Are we going to allow pulling ? If not, why not? As a number of Tai Chi self defence techniques incorporate pulling, it seems strange not to permit it. The more restrictions there are, the more difficult the task of the officials, the more frustrating the competition for competitors as they are always being pulled up by the referee, the more boring the competition for the spectators, the less of a real test of martial skills.
Some people complain that pushing hands competitions are no way to test martial ability. In the case of certain types of competition this is true but the basic purpose of freestyle or competition pushing hands should be to get the opponent off balance. This is a crucial close quarters fighting skill which sets up situations for throws, locks and strikes. It is a skill which many practitioners of primarily striking arts such as Karate or Taekwondo do not possess. It is a major factor behind many of these practitioners taking up arts like Tai Chi Chuan which do train this type of skill.
I found these skills most useful as a police officer in Hong Kong and I am at present imparting them to security guard trainees. Once you understand the key concepts of "listening" for, redirecting and discharging force, it becomes much easier to control an arrested person, without necessarily having to whack him, although that remains an option.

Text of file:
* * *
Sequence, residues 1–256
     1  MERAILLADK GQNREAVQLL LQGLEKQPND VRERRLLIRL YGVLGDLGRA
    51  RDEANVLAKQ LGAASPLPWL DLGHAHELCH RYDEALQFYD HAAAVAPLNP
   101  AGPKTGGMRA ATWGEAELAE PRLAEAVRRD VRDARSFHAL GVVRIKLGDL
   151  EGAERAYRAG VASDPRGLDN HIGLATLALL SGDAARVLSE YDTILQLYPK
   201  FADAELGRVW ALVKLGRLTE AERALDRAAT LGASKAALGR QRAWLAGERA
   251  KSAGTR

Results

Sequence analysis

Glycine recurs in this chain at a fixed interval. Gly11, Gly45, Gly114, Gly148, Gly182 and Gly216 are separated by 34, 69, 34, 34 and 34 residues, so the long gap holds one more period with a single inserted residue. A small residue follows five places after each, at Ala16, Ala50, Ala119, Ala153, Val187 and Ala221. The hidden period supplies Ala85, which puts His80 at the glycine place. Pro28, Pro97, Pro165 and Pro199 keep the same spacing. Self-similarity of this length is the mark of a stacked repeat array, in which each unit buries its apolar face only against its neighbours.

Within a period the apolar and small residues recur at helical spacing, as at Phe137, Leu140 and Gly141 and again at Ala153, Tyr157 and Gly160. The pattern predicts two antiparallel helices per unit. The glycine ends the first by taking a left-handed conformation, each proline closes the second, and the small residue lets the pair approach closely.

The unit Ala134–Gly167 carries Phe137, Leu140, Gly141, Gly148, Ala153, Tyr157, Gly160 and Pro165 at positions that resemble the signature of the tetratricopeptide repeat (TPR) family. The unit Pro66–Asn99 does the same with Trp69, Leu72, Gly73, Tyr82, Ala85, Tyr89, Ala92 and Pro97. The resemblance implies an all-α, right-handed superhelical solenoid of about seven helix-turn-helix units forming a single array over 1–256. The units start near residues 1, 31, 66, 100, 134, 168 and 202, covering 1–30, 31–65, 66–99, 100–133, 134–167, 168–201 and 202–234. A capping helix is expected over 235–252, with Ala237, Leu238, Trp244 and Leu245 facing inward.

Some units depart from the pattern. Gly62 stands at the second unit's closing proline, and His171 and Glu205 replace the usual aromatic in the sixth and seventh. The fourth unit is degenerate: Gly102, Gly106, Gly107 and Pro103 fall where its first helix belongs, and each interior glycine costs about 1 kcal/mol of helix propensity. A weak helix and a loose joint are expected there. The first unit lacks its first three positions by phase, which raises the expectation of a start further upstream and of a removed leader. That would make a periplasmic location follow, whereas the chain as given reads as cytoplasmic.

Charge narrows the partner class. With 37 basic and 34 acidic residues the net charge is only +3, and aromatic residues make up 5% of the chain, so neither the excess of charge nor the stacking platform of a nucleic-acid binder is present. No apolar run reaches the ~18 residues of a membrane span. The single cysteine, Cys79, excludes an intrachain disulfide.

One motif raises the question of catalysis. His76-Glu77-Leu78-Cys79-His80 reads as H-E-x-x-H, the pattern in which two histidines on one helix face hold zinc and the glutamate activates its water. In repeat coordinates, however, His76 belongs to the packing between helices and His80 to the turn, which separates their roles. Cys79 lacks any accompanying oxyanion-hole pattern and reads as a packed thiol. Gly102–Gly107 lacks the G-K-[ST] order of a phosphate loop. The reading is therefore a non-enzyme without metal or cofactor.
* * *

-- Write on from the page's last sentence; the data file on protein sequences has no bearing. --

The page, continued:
Some Tai Chi practitioners are competent in pushing hands, but are still not martial artists. For the last couple of years members of the Tai Chi Union for Great Britain have attended the "rencontres Jasnieres" Tai Chi camp as instructors (in the case of Nigel Sutton and myself) or as students. In the afternoons three hours are devoted to free pushing hands. You can push with anyone for up to ten minutes before changing partners or taking a break.
On the final day of the camp in 1991, I was asked to push hands with one of the top French instructors. After a bit I asked him why he kept withdrawing one of his hands. He told me that this was so that he could suddenly use it to shove or pull. I replied that pushing hands was about training listening ability, that if he didn't have contact he couldn't listen, that he also couldn't control my free hand which I would therefore use to strike him.